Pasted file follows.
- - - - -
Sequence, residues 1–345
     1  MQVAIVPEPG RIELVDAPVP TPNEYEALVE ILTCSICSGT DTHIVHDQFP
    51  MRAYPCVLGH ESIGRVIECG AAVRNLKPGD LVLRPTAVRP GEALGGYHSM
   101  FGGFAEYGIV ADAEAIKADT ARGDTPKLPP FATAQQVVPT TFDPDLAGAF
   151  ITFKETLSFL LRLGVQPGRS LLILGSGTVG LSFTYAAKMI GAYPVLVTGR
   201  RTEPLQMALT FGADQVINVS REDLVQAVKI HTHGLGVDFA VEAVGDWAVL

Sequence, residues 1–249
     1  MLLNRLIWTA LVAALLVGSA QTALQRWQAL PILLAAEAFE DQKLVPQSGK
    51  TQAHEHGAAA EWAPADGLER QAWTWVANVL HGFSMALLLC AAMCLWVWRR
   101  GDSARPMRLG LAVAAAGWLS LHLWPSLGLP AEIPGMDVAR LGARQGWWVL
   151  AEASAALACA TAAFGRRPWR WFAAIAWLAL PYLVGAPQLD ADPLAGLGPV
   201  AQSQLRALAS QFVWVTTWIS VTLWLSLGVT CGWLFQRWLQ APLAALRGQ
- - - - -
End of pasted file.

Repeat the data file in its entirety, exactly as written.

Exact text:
Sequence, residues 1–345
     1  MQVAIVPEPG RIELVDAPVP TPNEYEALVE ILTCSICSGT DTHIVHDQFP
    51  MRAYPCVLGH ESIGRVIECG AAVRNLKPGD LVLRPTAVRP GEALGGYHSM
   101  FGGFAEYGIV ADAEAIKADT ARGDTPKLPP FATAQQVVPT TFDPDLAGAF
   151  ITFKETLSFL LRLGVQPGRS LLILGSGTVG LSFTYAAKMI GAYPVLVTGR
   201  RTEPLQMALT FGADQVINVS REDLVQAVKI HTHGLGVDFA VEAVGDWAVL

Sequence, residues 1–249
     1  MLLNRLIWTA LVAALLVGSA QTALQRWQAL PILLAAEAFE DQKLVPQSGK
    51  TQAHEHGAAA EWAPADGLER QAWTWVANVL HGFSMALLLC AAMCLWVWRR
   101  GDSARPMRLG LAVAAAGWLS LHLWPSLGLP AEIPGMDVAR LGARQGWWVL
   151  AEASAALACA TAAFGRRPWR WFAAIAWLAL PYLVGAPQLD ADPLAGLGPV
   201  AQSQLRALAS QFVWVTTWIS VTLWLSLGVT CGWLFQRWLQ APLAALRGQ